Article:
Wynn and Tompkins will now seek promotions and compensation through U.S. District Court Judge Clay Land, Buckley said. The plaintiffs will also seek to recover legal fees from the defense, Buckley said. If damages had been awarded, the plaintiff lawyers would have been entitled to legal fees paid by the city and Darr.
Kirsten Stevenson, a Page Scrantom, Sprouse Tucker Ford attorney who represented the city and Darr, said the city and Darr would fight any such request of the court.
"They are entitled to file what they think is appropriate, and we will oppose those motions,” Stevenson said.
'They proved their case’
While Darr was claiming victory, Buckley and co-counsel Cheryl B. Legare were praising Wynn and Tompkins for filing the lawsuit and standing up against what they claim is an injustice in the 435-person department that is between 27 percent and 29 percent females, according to testimony.
"Those two women have more courage than I do,” Legare said.
Buckley said Wynn and Tompkins need to be proud of what they did.
"They can go back to work on Monday with their heads held high,” Buckley said. “They proved their case.”
Tompkins, a more than 20-year employee who offered emotional testimony during two days on the witness stand, said she and Wynn “did what we thought was right.”
"That was the point and we did this for ourselves and other women in the department -- people who don’t even know we did it for them,” Tompkins said.
Darr said he did not believe that the trial and testimony by people who work in the department about others who work in the department will have a lingering effect on the department.
"I don’t think this has been that difficult for the department,” he said. “I have taken the approach to run the most professional department I can. We are not going to be sidetracked by this.”
Stevenson, the lead counsel for the defense, stood up for the sheriff.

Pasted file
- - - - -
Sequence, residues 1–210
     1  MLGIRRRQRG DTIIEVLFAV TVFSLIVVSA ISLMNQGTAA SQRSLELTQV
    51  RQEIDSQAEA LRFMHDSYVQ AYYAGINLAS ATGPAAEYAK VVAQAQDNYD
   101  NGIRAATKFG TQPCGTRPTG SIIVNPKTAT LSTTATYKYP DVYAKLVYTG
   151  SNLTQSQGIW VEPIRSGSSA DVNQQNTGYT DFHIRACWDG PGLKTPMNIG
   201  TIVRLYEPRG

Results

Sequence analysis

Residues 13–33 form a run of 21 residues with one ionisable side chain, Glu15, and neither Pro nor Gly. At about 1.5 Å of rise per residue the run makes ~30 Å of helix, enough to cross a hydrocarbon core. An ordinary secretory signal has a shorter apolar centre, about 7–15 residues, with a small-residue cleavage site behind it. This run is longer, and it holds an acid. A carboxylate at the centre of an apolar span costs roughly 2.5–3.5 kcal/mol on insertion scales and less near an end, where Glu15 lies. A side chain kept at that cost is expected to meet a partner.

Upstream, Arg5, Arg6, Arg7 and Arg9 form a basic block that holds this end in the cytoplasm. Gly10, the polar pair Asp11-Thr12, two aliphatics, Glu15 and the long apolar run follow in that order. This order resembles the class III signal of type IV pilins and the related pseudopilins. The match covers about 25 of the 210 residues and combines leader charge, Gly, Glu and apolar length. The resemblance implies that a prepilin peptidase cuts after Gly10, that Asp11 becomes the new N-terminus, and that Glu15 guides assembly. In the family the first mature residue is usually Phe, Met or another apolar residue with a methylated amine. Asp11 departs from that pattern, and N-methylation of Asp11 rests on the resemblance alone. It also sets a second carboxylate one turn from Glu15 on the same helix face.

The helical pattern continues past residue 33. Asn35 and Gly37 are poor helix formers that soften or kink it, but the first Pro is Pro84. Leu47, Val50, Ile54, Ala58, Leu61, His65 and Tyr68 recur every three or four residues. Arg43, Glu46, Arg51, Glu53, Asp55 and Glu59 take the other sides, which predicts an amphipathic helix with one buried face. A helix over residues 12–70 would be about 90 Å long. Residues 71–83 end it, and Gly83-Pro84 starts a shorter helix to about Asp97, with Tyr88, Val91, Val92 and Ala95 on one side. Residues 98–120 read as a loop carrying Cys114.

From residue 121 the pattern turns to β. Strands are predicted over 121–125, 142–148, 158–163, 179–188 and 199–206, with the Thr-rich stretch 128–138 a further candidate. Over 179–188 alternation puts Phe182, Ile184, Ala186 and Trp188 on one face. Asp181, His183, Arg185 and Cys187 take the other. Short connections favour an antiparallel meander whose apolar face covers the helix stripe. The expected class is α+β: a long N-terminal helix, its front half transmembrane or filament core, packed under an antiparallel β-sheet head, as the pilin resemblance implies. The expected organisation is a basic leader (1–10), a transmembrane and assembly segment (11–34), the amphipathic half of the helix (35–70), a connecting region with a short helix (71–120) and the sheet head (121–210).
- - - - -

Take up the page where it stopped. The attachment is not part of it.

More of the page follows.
"I am lucky to represent Sheriff Darr and the city,” she said. “I think he’s a great sheriff and a great person.”
After more than three days and 20 hours of deliberation, Land was looking at the possibility of his first mistrial because of a hung jury. As the verdict came back, the judge was preparing to give the jury an “Allen charge.” The Allen charge -- also commonly called the “dynamite charge” -- is given by a judge to the jury in hopes of moving jurors in a minority off of entrenched positions.
The verdict came in just before noon after about three hours of deliberation on Wednesday.
The case that reached the jury was different from the original lawsuit that was filed in 2011.
Former Maj. Teri Ezell was a plaintiff in the original suit. She was the jail commander who was replaced by Darr when he took office in January 2009. Ezell and Tompkins, both of whom supported former Sheriff Ralph Johnson when he was defeated by Darr, claimed Darr violated their First Amendment rights of free speech by demoting them. Land threw that out before the trial.
Ezell still had a claim against Darr and the city that she was due compensatory time. Ezell dropped that claim on the eve of the trial and was not a party to the suit when it came to trial on Sept. 9.